This couple’s committed to a movement that unites faith and life

Newcastle couple Brian and Adda O’Donnell are keen to share their enthusiasm for the ecclesial movement, Communion and Liberation. Communion and Liberation is a movement which has the purpose of forming its members in Christianity in order to make them co-workers in the Church’s mission in all areas of society. 

Brian was born and raised in Melbourne.  In 1980, aged 20, he took a year off from studying engineering at university to see the world. He cycled around Europe and also met his father’s family in Ireland. During this gap year, whilst staying in a youth hostel in Donegal, Ireland, Brian met Adda. 

Adda, also aged 20, had studied English and Russian in her home town of Milan and was visiting Ireland for three months with her friend Anna to improve their English skills. Both Adda and Anna invited Brian to visit Italy to stay with their families for a few days. Brian’s three or four-day visit turned into two months and Adda’s family ‘adopted’ Brian!

Brian and Adda corresponded via letters and the occasional phone call when Brian returned to Australia to finish the last year of his degree. Brian then bought a one-way ticket to Italy and secured a job in Milan. He had learned French and Latin at his Jesuit school in Melbourne but it was while working in an engineering company in Milan that he began to master Italian.

On his first visit to Italy, Adda introduced Brian to Communion and Liberation (CL). Adda had been involved with CL since she was at high school. It took a year for her to decide if it was something she wanted to do.  Adda said she feels she met CL at just the right time. “It is perfect for the way I was made.”  

There are other Catholic movements in Italy which both Brian and Adda respect, but the charism of CL greatly appeals to them. They both like the way people in CL treat each other, live their faith and are not ashamed to talk about their faith. Brian said he was “attracted by the fact they were having a joyful and happy time together and slowly I discovered it was because of their faith”.

Every aspect of Brian and Adda’s lives involves CL, including socialising and holidaying with other CL families whose friendships they value greatly. They have stayed with the CL movement through university, marrying, becoming parents and recently grandparents.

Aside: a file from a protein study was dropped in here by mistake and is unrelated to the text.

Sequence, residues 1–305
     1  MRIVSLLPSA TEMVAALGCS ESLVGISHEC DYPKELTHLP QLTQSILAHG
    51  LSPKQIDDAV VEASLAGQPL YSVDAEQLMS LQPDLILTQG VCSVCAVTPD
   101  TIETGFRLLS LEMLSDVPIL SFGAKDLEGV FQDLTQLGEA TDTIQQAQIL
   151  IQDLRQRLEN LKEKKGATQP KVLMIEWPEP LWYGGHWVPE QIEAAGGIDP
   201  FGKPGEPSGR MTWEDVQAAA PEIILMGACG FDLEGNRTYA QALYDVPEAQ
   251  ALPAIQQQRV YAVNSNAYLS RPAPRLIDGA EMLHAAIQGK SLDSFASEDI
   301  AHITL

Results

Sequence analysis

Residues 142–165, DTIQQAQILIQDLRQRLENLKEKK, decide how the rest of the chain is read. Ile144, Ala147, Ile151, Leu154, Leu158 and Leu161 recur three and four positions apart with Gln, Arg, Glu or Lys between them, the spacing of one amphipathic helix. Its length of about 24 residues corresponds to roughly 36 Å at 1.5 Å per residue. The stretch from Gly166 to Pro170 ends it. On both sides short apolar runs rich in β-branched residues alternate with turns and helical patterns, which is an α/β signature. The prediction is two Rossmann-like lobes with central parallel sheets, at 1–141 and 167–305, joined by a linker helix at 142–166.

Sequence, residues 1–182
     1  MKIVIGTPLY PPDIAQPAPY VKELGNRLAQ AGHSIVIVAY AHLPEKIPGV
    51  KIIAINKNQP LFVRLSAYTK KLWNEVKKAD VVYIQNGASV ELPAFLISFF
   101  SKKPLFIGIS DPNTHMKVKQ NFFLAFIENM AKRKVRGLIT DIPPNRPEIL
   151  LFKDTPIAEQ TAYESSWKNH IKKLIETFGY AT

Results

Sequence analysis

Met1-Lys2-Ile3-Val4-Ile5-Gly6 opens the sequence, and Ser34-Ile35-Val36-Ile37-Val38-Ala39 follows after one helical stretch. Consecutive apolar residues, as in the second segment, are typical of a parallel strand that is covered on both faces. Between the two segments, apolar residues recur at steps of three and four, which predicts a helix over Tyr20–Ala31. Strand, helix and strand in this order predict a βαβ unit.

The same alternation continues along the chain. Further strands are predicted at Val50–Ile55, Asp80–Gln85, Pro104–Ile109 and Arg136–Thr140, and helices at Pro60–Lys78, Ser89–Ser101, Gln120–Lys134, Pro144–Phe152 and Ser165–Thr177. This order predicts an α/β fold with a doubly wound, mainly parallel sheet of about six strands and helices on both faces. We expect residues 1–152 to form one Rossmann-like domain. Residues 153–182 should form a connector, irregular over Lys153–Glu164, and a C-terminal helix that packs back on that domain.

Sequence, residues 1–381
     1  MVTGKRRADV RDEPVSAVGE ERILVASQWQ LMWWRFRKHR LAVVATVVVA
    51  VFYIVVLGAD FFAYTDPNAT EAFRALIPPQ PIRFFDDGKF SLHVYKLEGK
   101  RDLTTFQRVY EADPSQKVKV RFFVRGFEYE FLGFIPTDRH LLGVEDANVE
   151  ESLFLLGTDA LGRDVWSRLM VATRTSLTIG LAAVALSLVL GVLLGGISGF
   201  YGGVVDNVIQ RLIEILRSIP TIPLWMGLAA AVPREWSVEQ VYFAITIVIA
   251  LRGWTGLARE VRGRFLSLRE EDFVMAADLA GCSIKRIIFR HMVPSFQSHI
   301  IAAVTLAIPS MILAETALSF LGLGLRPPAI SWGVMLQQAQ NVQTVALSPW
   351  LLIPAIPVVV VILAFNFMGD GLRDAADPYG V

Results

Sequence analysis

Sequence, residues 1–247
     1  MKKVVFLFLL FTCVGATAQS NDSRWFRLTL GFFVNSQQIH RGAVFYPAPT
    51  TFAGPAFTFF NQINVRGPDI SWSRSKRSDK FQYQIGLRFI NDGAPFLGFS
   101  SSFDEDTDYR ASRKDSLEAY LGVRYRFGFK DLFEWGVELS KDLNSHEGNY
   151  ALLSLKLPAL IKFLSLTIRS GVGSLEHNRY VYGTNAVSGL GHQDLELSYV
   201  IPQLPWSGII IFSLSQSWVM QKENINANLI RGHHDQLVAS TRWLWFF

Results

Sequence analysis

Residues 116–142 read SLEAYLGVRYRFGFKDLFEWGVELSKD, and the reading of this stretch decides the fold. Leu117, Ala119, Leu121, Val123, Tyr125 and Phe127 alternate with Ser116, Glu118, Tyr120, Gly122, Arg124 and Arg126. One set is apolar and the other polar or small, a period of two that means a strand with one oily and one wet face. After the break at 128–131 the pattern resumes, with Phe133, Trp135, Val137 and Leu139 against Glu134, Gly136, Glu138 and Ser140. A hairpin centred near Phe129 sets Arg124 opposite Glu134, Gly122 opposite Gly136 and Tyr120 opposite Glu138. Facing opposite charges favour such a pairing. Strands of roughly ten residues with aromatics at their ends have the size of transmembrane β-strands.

Pope John Paul II officially recognised CL in 1982 and asked the founder, Don Luigi Giussani (1922-2005), to ensure that the movement, which originated in the 1950s, became a presence in other countries. Brian said the movement is very popular in Italy, North and South America and there are large communities in England, Ireland and Spain. In 2015 Pope Francis addressed the CL Movement in St Peter’s Square in front of over 80,000 people.

For Adda, CL is not a theological club but a more intimate experience. “It educates me in a faith which speaks to my real life and is not just a habit. CL does not have many rules.”   They meet regularly to discuss CL documents and share opinions which relate to how they live.  They match the lesson from the messages to real situations in their lives. The documents may include the writings of Don Luigi Giussani, his successor Father Julian Carron, papal writings, or other sources related to the life of the Church.  In the group they explore how they have handled situations and discover things about themselves.  For example, during a recent CL discussion, a friend shared a problem and reflected on a passage being studied, asking, “What did it tell me that Christ is calling me to do, what is the sign for me?” Adda added, “All circumstances in life, no matter how normal and insignificant they seem, the good and the bad, are an opportunity to see the presence of God.” 

Brian explained there is a missionary aspect to CL and members are asked to reach out to the community and participate in parish activities and organise events such as the Way of the Cross.  Adda volunteers with refugees, at the St Vincent de Paul Centre and in her parish of Tighes Hill.

After spending 31 years raising three children in Italy, Brian and Adda returned to Australia five years ago.  To maintain contact with other CL members, in Italy and in other parts of Australia, they use Skype to participate in the “school of community”, the name given to these weekly meetings, which are held in groups in the larger cities.  CL has been in Australia for 20 years and there are members in Sydney, Melbourne, Perth, Adelaide and Launceston. 

Brian and Adda are committed to sharing their Christian friendship with others and have a desire to have a CL presence in Newcastle.  They believe that without CL, they may have abandoned their faith.  To them, CL is for those who do not want to live an individualistic life.  They encourage people searching for a way to live their faith, which perhaps they haven’t found in their parish, to investigate the CL movement.  

For more information about the Communion and Liberation movement in the Church, email Brian & Adda O’Donnell or visit the website 

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